Marijuana legalization efforts in the United States took a hit yesterday, as Ohio voters resoundingly rejected a ballot initiative that would have legalized and taxed marijuana in the state. After the votes were tallied, 64 percent of Ohioans voted no to Issue 3, with just 36 percent of voters approving the measure.
Marijuana legalization is a contentious topic in and of itself, but there was additional controversy surrounding Issue 3 in the days and weeks leading up to the election, stemming from its creation of a “marijuana monopoly” within Ohio.
Issue 3 would have established just 10 marijuana farms in Ohio, all run by wealthy supporters of the legalization campaign. Authorizing only 10 growers/wholesalers would have created an industry monopoly in the state, although more than the 10 wholesalers would have been allowed to apply for licenses to manufacture and sell marijuana to the public.
The idea of a “marijuana monopoly” did not sit well with many people in Ohio, particularly state legislators.
In response to Issue 3, the Ohio General Assembly passed a joint resolution proposing its own constitutional amendment. Issue 2 prohibits individuals and organizations from proposing constitutional amendments that would create a monopoly, oligopoly or cartel, specify a tax rate, and confer licenses and other rights to certain individuals that would not be available to other people or agencies. Basically, Issue 2 is designed to invalidate measures like Issue 3.
Issue 2 passed by a slim margin, approximately 52 percent to 48 percent. Thus, even if voters had approved Issue 3, Issue 2 would have invalidated it.
ResponsibleOhio, the organization that sponsored Issue 3, released a statement after the election results were announced, stating that the legalization campaign “starts anew tomorrow” and that Ohio “needs the jobs and tax revenue that marijuana legalization will bring.” A budget estimate released in early October predicted that Ohio could have seen between $133 and $293.3 million in tax revenues after the legal marijuana system was fully up and running, more revenue than Colorado, which has seen almost two full years of legal marijuana sales, estimates its program to produce.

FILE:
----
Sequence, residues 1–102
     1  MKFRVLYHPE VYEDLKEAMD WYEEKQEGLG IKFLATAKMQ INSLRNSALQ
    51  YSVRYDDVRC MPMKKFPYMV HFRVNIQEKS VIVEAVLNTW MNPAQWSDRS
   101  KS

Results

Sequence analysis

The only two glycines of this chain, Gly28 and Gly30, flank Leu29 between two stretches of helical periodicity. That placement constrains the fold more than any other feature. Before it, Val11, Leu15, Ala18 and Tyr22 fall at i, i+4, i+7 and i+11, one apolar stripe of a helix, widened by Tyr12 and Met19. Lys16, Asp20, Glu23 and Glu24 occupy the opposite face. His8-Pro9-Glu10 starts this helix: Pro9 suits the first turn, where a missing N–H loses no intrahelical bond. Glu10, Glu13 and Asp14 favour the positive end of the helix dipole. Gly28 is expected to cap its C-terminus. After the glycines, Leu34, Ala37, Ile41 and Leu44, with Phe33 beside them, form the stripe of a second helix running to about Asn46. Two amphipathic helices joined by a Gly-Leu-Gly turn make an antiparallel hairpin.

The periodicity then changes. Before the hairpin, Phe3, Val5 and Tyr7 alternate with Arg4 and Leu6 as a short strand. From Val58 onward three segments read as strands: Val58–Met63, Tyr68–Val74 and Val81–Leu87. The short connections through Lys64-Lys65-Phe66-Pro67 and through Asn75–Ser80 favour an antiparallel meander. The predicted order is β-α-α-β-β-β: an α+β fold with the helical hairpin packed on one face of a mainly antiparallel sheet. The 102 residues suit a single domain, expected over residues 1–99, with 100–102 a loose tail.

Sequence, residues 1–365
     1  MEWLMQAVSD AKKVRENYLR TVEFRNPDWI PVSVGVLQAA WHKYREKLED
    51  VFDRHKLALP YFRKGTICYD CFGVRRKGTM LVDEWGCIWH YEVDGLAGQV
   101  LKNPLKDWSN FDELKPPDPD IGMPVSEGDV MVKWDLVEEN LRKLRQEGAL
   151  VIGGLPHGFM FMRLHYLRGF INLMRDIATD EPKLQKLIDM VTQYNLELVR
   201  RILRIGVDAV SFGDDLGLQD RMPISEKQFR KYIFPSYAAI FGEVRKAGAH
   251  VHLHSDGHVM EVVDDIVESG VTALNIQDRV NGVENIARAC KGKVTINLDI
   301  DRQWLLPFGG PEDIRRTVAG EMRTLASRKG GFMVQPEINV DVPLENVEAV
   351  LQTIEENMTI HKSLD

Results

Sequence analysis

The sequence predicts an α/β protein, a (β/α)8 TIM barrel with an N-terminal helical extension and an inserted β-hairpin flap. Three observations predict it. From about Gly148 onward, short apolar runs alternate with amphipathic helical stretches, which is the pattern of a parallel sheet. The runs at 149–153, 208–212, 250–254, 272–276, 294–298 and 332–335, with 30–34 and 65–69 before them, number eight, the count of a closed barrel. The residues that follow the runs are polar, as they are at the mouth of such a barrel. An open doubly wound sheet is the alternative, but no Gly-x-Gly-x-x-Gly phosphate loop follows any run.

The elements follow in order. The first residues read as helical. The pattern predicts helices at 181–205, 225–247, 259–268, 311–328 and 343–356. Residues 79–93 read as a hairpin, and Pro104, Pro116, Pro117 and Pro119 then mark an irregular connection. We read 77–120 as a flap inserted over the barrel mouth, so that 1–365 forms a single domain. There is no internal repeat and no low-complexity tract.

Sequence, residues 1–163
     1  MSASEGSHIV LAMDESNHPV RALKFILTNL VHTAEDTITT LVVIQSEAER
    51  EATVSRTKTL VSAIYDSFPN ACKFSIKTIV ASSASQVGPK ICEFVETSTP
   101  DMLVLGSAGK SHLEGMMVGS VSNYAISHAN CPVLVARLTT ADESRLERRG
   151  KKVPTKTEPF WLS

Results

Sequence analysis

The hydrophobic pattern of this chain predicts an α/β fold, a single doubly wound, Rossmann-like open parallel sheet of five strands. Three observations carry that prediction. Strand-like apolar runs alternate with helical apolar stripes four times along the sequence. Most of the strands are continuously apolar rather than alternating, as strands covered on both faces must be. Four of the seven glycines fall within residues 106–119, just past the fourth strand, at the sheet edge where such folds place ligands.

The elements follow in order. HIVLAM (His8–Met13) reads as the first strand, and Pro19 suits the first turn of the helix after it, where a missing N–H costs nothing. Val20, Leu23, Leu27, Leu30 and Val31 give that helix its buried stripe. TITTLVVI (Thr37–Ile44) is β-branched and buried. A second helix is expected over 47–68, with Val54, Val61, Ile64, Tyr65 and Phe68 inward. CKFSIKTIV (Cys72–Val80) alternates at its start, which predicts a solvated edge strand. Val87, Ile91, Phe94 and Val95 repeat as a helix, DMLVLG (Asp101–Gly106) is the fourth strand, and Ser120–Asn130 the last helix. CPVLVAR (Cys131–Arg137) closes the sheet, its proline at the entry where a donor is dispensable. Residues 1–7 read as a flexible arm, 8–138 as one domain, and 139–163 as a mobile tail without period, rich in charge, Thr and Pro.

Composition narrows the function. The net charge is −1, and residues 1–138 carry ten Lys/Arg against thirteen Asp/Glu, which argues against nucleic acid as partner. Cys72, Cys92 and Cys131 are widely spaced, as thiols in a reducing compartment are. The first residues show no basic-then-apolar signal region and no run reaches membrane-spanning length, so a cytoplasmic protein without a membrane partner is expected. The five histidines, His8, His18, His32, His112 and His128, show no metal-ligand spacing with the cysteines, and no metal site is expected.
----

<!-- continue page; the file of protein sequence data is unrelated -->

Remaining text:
Colorado voters had to decide their own marijuana issue—not whether to legalize marijuana or not, but what to do with all of the extra tax revenue the industry generates.
Coloradoans voted on Proposition BB, which authorizes the state to keep marijuana revenues that exceed Taxpayer Bill of Rights (TABOR) projections. Voters approved the measure by a vote of 69 percent to 31 percent, and now the government can keep approximately $66.1 million in revenue generated by the marijuana industry. The funds will be divided as follows: $40 million will be used to fund school construction, $12 million will go to fund school, drug enforcement and other state programs, with the remaining $14.1 million being put into the state’s general fund to be allocated later. If Proposition BB had been rejected, the excess revenues would have been refunded to taxpayers.
Ohio’s Issue 3 was just the beginning of legalization efforts leading up to the 2016 election. Campaigns in at least 16 states have either gotten marijuana legalization initiatives certified for the 2016 ballot, or are working on collecting signatures in order to get an initiative certified. The 2016 election is going to be pivotal to legalization efforts across the U.S.
Continue the discussion on Bloomberg BNA’s State Tax Group on LinkedIn: What state do you think will legalize marijuana next?
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